In the military, the phrase “stand down” means to stop, cease action, back off, presumably while assessing a situation and considering the next move. In civilian life, a “stand down” is an event that allows needy veterans (or any eligible veteran) the opportunity to stop and gather needed information, and often material things, required to keep one’s footing on a steady path.
A veterans “stand down” is an event that provides employment potential, minor medical examinations, snacks and food, clothing, details on how to file claims with Veterans Affairs and the Social Security Administration and other government agencies, as well as information about veterans service organizations such as the American Legion, Veterans of Foreign Wars, Disabled American Veterans and veterans ethnic groups. “Stand downs” are held in most major American cities, and at least twice a year in Las Vegas.
At one such recent event in October, I had a chance to speak with representatives of the Salvation Army and the Filipino Veterans Group. Both organizations have veterans outreach programs, and representatives were there to help in numerous ways.
Nick Lenderman is the veterans service coordinator for the Salvation Army.
“We provide transitional housing for veterans and have about 75 veterans with us on any given night,” he said. “We also have substance abuse assistance, supportive services for veterans families, case management, rental assistance and utility assistance.”
The Supportive Services for Veterans Families has a goal of obtaining and maintaining stable housing for low-income veterans and their families. The service has financial support from different community agencies, including the VA, which recently awarded the agency a grant.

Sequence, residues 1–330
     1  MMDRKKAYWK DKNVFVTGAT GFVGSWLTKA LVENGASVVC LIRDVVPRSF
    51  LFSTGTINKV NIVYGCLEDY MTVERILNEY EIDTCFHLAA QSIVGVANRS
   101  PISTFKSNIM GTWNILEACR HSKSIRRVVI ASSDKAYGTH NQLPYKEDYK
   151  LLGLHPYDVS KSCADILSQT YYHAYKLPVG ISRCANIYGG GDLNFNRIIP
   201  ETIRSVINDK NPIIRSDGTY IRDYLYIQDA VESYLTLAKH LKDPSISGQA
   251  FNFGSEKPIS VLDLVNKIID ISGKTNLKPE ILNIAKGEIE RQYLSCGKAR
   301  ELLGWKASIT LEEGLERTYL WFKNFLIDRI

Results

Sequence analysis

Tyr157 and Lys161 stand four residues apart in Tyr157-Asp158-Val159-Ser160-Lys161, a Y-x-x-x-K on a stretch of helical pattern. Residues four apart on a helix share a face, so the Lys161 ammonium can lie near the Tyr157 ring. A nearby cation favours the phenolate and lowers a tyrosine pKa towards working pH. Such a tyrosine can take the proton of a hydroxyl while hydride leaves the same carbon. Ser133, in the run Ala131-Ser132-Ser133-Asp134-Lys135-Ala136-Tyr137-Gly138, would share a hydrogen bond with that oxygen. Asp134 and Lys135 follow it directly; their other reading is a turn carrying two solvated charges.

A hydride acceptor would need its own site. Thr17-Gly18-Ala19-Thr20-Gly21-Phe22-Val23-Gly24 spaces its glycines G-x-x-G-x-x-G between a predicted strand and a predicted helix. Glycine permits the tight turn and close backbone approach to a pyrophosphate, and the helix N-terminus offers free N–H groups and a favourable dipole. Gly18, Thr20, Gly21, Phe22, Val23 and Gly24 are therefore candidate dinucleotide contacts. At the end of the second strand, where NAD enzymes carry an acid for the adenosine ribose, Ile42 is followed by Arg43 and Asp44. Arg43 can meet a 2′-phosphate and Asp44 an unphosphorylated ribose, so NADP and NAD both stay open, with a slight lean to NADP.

In addition to the services noted above, the organization provides life skills training, budgeting, credit repair and coping skills. Although not all employees or volunteers who administer the program are veterans, it strives to use peer mentors. But the emphasis is on a strength-based approach to care, whether mentors are veterans or not.
Lenderman’s exhibit at the stand down handed out literature that further explained that the Salvation Army has an adult rehabilitation program that provides for the treatment of substance abuse, chemical addictions, mental health and compulsive gambling for homeless veterans who are struggling with those issues. It’s a 24-hour daily live-in program that can lead to a new life for those who successfully complete the detailed plan.
Employment for veterans is another goal. Lenderman said that with the holidays approaching, the Salvation Army will have seasonal openings for drivers and bell ringers. When it comes to occasional permanent positions at the agency, “We hire veterans whenever possible,” he said.
In addition, the group works with other firms who often call upon the Salvation Army to provide candidates for outside employment.
For general information, people can call 702-701-5374. For assistance with substance abuse issues, the number is 702-399-2769.
While at the stand down, I had a chance to briefly speak with representatives of a new organization, the Filipino Veterans Group, which serves Filipino-American veterans of the U.S. military. Although there are other Filipino veterans groups, Jim Castillo said perceived differences led to this new one. Castillo is a coordinator and board member, and a Marine veteran. One of the services he said the group provides, which makes it stand out, is income tax preparation.
Member Armando Cortez, a Navy veteran, said that the group offers free income tax preparation. Members can call 702-214-2155 to access that service. Others can call that number to obtain membership information.
“We are always looking for new members,” Vice President Ray Lopez said.
Journalist and author Chuck N. Baker is an Army veteran of the Vietnam War and a recipient of the Purple Heart. He is the managing editor of Nevada’s Veteran Reporter newspaper and the host of the “Veterans Reporter Radio Show” on KLAV 1230 AM.